Where to Find and What to Look for When Gold Prospecting and Panning
Reading the Stream
This hub will convey information that I, an amateur prospector, have learned about the location of placer gold. Believe it or not, it took me quite some time to figure out how to increase my odds of finding placer gold. Due to the fact that discovering gold is an exciting prospect, people frequently delve into the activity simply digging, most often near a bank, at a claim where gold has been found before. Usually it is after several trips that the neophyte realizes that there must be more to finding gold (even at a location that has produced gold) than simply digging. Well, the good news is that there is more to it.
There are plenty of great articles on "how to find gold." The emphasis here will be, as I said, the amateur prospector, but also a prospector freshly interested in finding gold, and on a budget. Let's face it, mining equipment is rather expensive. I have found that one can have a lot of fun searching for gold with little more than a pan, 14 gallons of water, a tub to hold water, several buckets, a whisk brush, and a snuffer bottle. Are you going to find as much as someone who owns a $600 dry washer? Probably not, but there are a few people who own such equipment who do not even know what I have learned.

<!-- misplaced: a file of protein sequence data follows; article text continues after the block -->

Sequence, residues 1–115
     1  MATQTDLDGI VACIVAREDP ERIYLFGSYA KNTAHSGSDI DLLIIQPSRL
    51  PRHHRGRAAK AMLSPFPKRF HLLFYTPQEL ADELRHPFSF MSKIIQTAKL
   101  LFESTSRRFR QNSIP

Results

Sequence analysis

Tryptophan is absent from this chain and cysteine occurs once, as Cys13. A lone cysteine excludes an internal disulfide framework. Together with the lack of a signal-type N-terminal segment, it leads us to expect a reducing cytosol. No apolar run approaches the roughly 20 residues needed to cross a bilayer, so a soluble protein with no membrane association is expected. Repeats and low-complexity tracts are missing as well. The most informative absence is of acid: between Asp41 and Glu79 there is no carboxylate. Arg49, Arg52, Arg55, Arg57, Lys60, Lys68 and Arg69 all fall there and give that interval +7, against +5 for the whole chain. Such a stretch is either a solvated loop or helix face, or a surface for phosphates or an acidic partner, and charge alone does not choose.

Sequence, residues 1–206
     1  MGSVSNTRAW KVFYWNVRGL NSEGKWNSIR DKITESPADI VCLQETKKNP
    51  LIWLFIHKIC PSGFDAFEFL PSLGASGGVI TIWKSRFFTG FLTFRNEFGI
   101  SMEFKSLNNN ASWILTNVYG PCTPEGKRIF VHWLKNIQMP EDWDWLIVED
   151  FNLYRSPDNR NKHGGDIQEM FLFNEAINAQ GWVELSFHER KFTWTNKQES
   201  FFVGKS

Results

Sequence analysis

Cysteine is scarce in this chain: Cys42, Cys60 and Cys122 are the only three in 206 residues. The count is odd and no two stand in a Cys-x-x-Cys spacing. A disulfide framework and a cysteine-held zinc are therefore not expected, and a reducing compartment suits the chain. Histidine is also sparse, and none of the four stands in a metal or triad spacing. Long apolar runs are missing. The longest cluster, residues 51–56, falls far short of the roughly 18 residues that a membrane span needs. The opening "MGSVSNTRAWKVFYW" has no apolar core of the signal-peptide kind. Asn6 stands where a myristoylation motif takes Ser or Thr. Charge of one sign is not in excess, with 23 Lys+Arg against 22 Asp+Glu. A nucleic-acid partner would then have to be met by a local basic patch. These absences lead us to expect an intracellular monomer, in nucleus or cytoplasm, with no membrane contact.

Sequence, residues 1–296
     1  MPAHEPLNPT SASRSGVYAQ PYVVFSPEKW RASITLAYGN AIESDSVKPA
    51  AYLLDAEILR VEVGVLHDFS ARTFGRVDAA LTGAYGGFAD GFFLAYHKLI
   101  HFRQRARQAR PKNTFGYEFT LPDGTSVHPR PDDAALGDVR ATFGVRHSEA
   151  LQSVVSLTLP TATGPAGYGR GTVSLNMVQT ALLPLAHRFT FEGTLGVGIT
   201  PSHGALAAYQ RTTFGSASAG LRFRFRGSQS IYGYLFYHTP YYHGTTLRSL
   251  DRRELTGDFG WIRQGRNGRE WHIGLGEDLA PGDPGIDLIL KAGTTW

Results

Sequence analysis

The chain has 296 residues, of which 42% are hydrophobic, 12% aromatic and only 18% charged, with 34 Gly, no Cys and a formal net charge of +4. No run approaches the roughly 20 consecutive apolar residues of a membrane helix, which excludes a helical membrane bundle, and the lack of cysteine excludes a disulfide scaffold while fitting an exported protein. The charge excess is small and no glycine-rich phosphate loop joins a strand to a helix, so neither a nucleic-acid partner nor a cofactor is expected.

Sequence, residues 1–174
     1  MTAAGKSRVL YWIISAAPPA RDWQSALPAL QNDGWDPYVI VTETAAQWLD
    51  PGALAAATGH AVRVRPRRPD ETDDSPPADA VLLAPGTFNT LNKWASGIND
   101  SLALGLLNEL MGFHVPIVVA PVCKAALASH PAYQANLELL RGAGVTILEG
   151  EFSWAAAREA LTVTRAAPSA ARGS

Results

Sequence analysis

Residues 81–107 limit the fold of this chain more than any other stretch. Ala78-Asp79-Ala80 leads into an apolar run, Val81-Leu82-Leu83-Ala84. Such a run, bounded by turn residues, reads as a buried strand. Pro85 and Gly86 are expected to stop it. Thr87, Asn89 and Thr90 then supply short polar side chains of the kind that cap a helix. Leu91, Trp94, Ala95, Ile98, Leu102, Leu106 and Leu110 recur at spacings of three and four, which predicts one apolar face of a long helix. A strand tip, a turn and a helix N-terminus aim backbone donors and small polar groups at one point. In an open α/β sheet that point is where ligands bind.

And to make the introduction a bit longer (sorry) this information is for people who have decided to join a prospecting club. When you join, you are able to go to areas that the club has claimed. These areas historically have produced placer gold. For a newbie to simply go out into the wilderness to try to find gold is overwhelming. You need to know something about geology, you need to make sure you aren't on someone else's claim, you need to know how to use a GPS system or be VERY good with a compass, and you need the experience of an outdoorsman. Joining a club eliminates these considerations since you can go to the claims with a group, return another day with confidence that you are in the right place, and begin to learn the steps I am going to tell you about.
The first piece of information you need to understand is that the placement of gold in stream beds is based upon the speed and volume of water that can run in rivers, stream beds, or creeks. Gold is 19 times heavier than an equivalent volume of water. It is about 6 times heavier than the solid material flowing down from higher elevations in rapid water as a result of melting snow pack and rain. Realizing how heavy gold is will lead you to the next fact about gold depositing. When rapid moving heavy waters pick up gold flake or nuggets and takes them down a watercourse, anything that slows the current down gives the gold a chance to settle out and sink to the bottom.